lens

Well-Versed Talent

Poetry thrives across campus


As Ohio's poet laureate, Dave Lucas, PhD, a lecturer in Case Western Reserve's English department, travels the state to encourage poetry reading and writing and promote the broader importance of the humanities.

With the end of his two-year term nearing, Lucas said he's been most surprised by how pervasive the art form is statewide.

"That no matter where you go in Ohio," he said, "poetry is happening."

The same might be said of Case Western Reserve, where poetic inspiration and scholarship thrive.

"We have some seriously talented student poets at this school," said Sarah Gridley, MFA, an associate professor of English who teaches poetry workshops, "and often, they are contradicting the perceived ‘divide' between humanities and STEM [science, technology, engineering and math]. You can be a ‘both-and' kind of person here, which I think is great."

In fact, artistic creativity and STEM, Lucas said, are more aligned than one might think.

"Both of those worldsthe sciences and the artsare seeking to express profound complexity in ways that are approachable and even elegant," he said. "That's really where the two worlds meet."

Read how six student poets steeped in a range of disciplineshave taken to poetry to express their thoughts, explore new perspectives and preserve memories.


— Bill Lubinger
Photos by Michael F. McElroy







Image of CWRU student and poet Darnelle Damu Crenshaw El

Darnelle Damu Crenshaw El is a senior majoring in history and sociology. “I write poetry as a form of creative expression. I’ve always been a quiet person and expressing what’s in my heart and my inner thoughts has always been a challenge. Poetry allows me to have that outlet.”



Mama Said

I break my back every day
all to carve a safe path across these scalding seas
maneuvering malleable through the ebbs and flows
caution is needed in these murky mercantile waters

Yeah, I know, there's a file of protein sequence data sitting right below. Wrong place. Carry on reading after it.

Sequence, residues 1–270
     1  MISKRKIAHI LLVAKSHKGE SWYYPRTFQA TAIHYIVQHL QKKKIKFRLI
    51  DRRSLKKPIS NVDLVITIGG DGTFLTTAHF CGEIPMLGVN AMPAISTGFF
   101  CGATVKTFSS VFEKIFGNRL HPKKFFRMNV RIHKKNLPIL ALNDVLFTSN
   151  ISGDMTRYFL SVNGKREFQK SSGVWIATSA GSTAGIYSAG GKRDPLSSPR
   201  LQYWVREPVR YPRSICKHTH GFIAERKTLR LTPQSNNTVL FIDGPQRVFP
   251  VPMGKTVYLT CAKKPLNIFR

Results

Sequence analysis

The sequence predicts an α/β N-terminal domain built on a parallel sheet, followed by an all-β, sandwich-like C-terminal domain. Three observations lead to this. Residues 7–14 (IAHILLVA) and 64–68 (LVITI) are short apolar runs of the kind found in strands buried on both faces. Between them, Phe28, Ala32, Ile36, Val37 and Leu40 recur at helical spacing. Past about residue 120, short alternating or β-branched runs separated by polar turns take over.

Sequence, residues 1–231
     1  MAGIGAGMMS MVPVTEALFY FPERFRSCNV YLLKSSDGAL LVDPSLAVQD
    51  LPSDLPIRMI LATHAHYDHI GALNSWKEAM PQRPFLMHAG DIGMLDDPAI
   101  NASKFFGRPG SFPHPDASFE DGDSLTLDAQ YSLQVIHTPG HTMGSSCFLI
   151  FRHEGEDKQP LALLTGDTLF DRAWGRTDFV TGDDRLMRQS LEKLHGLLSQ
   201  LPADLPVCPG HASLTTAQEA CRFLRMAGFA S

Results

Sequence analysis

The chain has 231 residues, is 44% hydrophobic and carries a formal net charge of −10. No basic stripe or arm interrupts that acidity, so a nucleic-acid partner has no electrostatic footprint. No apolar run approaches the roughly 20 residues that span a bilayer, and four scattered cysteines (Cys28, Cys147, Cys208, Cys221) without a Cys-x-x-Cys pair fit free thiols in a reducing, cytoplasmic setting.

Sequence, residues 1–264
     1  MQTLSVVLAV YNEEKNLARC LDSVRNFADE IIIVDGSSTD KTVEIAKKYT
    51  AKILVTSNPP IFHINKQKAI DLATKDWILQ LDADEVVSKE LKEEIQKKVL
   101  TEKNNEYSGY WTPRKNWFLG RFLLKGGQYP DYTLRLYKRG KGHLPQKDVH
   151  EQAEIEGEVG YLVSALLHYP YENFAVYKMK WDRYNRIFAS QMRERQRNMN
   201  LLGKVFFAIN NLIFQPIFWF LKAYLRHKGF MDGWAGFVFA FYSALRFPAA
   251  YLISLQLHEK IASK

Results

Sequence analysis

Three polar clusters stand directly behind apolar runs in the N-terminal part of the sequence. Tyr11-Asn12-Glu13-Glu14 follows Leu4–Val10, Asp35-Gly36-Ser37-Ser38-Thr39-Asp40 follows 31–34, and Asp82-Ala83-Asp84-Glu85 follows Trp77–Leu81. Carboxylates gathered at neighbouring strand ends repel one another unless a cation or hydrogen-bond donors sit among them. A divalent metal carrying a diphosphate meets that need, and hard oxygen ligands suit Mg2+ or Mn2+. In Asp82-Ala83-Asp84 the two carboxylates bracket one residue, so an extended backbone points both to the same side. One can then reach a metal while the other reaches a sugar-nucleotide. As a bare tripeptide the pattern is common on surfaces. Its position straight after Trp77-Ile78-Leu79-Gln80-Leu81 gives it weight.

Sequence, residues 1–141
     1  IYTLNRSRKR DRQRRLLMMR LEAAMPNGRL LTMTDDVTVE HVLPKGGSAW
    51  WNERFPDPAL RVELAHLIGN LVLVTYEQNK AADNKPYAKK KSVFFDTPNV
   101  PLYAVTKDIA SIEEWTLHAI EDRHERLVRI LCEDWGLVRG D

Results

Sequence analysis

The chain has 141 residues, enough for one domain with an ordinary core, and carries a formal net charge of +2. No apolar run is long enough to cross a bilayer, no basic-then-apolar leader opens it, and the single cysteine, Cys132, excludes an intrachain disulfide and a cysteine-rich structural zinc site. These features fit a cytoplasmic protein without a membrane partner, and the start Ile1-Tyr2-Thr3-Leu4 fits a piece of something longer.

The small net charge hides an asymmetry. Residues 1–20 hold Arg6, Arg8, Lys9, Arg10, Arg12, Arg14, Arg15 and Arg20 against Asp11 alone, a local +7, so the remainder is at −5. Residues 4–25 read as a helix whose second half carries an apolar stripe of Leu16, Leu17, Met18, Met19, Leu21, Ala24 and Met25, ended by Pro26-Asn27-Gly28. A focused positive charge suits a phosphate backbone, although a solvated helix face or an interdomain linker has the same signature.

we've been docking from bay to bay
for a long time now

Lord Knows I have done everything for youto live
Child Now Live and mind you that

My Back Births
it never breaks







Image of CWRU student and poet Brian Eckert

Brian Eckert is a fifth-year student majoring in English with a minor in creative writing. “I write poetry to explore new perspectives and reflect on past experiences. Writing poetry helps me process memories and view experiences through new lenses.”




To the Dead Horses of the Ohio and Erie Canal

Horses are not like mules
or oxen, or humans.

Horses do not quit working
when they get tired.

Horses work themselves to death
if they can.

On this same towpath
used to test my own limits
horses pulled canal boats all day
until their hearts exploded.

I always think of you,
dear dead horses
when I feel
my heart thumping
and blood rushing
through wide open
veins and arteries
pushing forward
to the parking lot
where I left my car
and water, hoping
someday I might perish
from the same relentless
determination, but for
a better purpose.







Image of CWRU student and poet Paige Lilly

Paige Lilly is a sophomore majoring in English and biology and minoring in creative writing. "I think of poetry in the same way that a lot of people think about photo albums. In my case, I’m collecting emotions, moments and thoughts in a way that only I can, and I’m putting them in words that are meaningful to me. Writing the poems allows those experiences to live on."



Ramification

the bones of this dotted earth
that hold the sea to its cliffs
and graze the sun with its mountains

clack with the hooves of agile precision
and crumble before them
into empty plains below
that taste of goading
and the echoes
of interlocking horns

from the ground I see nothing